Sheep Can Recognize Obama, Scientists Confirm

James Felton

James Felton

Senior Staff Writer

clockNov 9 2017, 11:06 UTC

If someone asked you to pick out a particular sheep in a big crowd of sheep, you'd struggle. Admit it. Now, it's time to feel baaaaad, because it turns out sheep are actually very good at picking out human faces. In a lambmark study, scientists have found that sheep are able to recognize human faces quite well indeed. 

In fact, the sheep were able to recognize human faces in a way comparable to humans.


After training, the sheep could recognize Emma Watson, Jake Gyllenhaal, British newsreader Fiona Bruce, and former President of the United States Barack Obama.


Nothing but respect for MY President – sheep were able to recognize President Obama 8/10 times.


In the novel study from the University of Cambridge, sheep were first taught to recognize the faces. Each time a sheep walked up to the photograph of a face, it was given food as a reward. Once it had learned to recognize the face (be it Obama or the star of Harry Potter and the Half-Blood Prince), it was then shown two photographs. The sheep were only rewarded if they picked the correct face – the one they'd been taught to recognize.

The sheep were surprisingly good at recognizing human faces, and recognized the celebrities around 80% of the time. When the researchers used photographs of the same celebrities taken from different angles, the sheep's performance dropped a little (around 15%) – a dropoff that's roughly the same as humans when given the same task.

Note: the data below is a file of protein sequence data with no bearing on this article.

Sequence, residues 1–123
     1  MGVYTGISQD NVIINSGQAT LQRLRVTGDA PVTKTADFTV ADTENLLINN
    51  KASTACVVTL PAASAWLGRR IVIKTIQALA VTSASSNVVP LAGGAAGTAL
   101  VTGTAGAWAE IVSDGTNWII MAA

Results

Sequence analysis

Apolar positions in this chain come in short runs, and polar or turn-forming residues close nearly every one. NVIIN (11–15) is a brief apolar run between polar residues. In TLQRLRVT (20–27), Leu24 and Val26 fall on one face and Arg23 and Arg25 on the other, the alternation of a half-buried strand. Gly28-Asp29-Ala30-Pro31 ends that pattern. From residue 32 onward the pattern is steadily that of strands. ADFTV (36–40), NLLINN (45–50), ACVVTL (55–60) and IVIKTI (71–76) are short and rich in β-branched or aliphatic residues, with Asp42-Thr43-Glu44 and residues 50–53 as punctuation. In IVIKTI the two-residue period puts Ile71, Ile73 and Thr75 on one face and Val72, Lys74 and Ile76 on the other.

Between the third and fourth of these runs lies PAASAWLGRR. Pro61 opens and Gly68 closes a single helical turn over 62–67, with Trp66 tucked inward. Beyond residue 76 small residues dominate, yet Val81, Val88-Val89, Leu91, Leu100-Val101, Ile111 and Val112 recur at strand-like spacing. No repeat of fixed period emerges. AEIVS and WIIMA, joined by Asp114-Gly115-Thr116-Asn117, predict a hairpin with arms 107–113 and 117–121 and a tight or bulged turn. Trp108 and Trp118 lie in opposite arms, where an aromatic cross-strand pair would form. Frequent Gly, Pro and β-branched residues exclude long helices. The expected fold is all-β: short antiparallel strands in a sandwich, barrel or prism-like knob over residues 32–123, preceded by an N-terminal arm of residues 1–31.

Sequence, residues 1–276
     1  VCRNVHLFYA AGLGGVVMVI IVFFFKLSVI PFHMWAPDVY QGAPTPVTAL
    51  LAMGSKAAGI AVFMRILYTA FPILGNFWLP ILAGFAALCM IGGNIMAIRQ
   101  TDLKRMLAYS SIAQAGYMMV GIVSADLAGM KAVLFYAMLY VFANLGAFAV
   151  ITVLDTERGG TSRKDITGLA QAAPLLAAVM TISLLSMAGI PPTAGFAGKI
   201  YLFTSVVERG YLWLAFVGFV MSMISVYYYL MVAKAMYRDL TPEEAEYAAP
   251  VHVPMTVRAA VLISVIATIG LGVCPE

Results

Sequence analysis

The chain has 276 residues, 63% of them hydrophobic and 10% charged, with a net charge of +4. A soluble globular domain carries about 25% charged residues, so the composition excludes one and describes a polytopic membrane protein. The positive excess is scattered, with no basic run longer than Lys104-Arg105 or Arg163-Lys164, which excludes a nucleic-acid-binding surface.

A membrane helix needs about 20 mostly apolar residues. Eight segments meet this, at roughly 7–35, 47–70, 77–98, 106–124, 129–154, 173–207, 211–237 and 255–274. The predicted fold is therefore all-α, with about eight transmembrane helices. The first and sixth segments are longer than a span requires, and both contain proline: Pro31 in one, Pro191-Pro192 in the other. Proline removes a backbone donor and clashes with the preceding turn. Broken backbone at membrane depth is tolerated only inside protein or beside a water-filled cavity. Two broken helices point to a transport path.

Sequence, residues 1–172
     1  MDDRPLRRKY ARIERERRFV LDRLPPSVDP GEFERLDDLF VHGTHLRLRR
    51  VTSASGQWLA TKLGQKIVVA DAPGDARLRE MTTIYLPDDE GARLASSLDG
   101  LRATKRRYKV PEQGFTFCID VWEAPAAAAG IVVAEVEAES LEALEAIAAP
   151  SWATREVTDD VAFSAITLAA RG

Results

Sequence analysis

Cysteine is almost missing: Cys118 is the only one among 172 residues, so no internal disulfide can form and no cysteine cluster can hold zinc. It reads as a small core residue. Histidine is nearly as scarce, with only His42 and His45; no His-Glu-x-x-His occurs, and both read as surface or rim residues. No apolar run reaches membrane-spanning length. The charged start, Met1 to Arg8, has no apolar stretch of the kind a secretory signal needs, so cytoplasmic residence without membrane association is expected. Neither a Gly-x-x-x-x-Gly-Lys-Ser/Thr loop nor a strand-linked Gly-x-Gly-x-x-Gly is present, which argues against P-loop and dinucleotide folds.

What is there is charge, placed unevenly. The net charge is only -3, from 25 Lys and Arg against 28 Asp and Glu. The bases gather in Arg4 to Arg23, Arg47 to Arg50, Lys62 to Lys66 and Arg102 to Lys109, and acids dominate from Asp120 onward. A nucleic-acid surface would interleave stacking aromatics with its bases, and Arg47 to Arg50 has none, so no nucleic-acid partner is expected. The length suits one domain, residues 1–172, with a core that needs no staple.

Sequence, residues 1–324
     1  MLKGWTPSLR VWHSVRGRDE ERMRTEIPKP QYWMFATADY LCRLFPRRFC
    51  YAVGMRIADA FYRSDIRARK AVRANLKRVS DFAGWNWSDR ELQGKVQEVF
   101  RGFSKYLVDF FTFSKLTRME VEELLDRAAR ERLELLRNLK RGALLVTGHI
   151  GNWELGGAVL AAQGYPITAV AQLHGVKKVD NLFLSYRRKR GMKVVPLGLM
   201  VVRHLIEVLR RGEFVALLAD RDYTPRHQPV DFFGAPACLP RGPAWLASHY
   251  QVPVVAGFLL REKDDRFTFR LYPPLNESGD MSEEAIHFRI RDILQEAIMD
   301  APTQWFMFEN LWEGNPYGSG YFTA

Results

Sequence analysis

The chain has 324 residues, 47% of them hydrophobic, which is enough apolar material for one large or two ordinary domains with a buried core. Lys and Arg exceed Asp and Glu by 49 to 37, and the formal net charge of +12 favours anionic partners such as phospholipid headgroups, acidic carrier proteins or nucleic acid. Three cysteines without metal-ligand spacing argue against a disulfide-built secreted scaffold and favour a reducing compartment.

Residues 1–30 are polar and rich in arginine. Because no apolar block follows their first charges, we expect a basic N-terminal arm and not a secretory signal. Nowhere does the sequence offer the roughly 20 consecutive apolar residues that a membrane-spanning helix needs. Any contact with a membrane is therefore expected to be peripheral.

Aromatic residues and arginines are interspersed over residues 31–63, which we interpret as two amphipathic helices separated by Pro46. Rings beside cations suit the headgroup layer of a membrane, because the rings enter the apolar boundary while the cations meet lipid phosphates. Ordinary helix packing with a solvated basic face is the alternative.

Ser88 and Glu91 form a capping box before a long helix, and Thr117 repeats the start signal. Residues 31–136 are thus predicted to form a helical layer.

The study also confirmed that sheep were able to recognize their handler from a photograph, without prior training. 

Emma Watson was chosen because there are many photos of her face available from many different angles. The sheep were able to recognize her 8/10 times. Further study is needed to determine whether the sheep recognize her grown abilities as an actor. University of Cambridge / Youtube.

So why did they do this (amazing) study? The research, published in Royal Society Open Science, is part of a larger study on Huntingdon's disease.

“Sheep are long-lived and have brains that are similar in size and complexity to those of some monkeys," the study's lead author, Professor Jenny Morton, said in a statement.

"That means they can be useful models to help us understand disorders of the brain, such as Huntington’s disease, that develop over a long time and affect cognitive abilities. Our study gives us another way to monitor how these abilities change, particularly in sheep who carry the gene mutation that causes Huntington’s disease.”


The team has recently begun studying sheep that have been genetically modified to carry the mutated gene that causes Huntington's. In the meantime, it has left us with the delightful fact that sheep recognize Obama.

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